by Stephen Downes
Apr 06, 2017
I am more or less a post-modernist, though I arrived at my understanding of the core ideas independently of the authors cited in this article (though on reading them find myself nodding in agreement). So I appreciate this clear and articulate description of postmodernism, and the argument offered against it. And I am sympathetic with the observation that the postmodernists did not exactly make their position clear. To me, it is clear, but you have to step through a rhetorical mess to get to it. It's a bit hard to do in one paragraph, but let me try:
Let's take the criticism offered by Erazim Kohak to the effect that "tennis balls do not fit into wine bottles". How is this not a fact? he asks. On observation, it is easy to see that tennis balls do fit into wine bottles, but the context here is of trying to squeeze it into the bottle through the opening. Now what has happened here is that the problem has been framed in such a way as to allow only one way for a tennis ball to 'fit' into a wine bottle. But why would we frame it that way? Why do we privilege Kohak's description of tennis balls and wine bottles and how one fits into the other? Once you ask that question, you become a postmodernist.
This short post is a restatement of something from Steven Sloman that has appeared numerous times in these pages over the years: "Humans have built hugely complex societies and technologies, but most of us don't even know how a pen or a toilet works. How have we achieved so much despite understanding so little? Because whilst individuals know very little, the collective or ‘hive' mind knows a lot." To make this work, though, is to walk a fine line. Yes, there is the "fundamentally communal nature of intelligence and knowledge," but we can create it only if we interoperate as autonomous individuals.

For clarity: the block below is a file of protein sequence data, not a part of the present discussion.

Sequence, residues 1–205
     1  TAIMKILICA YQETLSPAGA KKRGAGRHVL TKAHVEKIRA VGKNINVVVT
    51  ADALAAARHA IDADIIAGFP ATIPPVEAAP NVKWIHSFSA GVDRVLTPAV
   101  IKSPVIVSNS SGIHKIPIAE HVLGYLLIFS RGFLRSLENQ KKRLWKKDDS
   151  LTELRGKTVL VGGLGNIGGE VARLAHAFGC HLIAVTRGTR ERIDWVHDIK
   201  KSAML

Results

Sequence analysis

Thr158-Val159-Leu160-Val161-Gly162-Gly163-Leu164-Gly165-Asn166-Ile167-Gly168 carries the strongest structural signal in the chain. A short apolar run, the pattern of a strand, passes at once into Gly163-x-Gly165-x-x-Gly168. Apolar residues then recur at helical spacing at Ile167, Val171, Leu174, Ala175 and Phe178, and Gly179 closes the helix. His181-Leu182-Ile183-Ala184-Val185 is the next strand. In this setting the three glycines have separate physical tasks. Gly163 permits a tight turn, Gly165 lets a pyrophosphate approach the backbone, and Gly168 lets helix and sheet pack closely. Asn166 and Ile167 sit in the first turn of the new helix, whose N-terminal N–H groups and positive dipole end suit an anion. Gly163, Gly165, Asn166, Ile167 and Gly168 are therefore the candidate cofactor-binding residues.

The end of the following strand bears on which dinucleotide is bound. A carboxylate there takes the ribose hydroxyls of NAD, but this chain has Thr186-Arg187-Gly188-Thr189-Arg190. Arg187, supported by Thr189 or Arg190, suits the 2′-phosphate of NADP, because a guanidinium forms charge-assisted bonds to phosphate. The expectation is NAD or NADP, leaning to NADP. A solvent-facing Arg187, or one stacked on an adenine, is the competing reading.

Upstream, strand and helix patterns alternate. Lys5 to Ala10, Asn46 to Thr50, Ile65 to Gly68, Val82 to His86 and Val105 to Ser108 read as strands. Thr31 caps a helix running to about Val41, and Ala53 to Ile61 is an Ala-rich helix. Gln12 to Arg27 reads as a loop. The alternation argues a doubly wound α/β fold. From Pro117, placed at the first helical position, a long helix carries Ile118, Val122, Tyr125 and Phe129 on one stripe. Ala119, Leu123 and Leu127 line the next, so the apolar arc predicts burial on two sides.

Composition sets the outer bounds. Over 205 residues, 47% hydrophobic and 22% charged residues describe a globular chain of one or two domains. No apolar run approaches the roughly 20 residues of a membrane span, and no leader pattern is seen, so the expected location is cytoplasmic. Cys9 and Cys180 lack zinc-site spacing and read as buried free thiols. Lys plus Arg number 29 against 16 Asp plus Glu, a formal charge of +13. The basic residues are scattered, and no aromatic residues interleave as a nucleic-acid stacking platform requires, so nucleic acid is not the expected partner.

This is the sort of stuff I've been working on recently. This is a particularly useful project: "here’s an example of how to get a browser based application up and running on EC2 using vagrant from the command line." The description is pretty detailed and is probably not for everyone. But the main point here is that this type of server virtualization is the wave of the future - and (more importantly) is what will enable the next wave of personal web presences (I'm not really sure what to call them - more than sites, less than applications).
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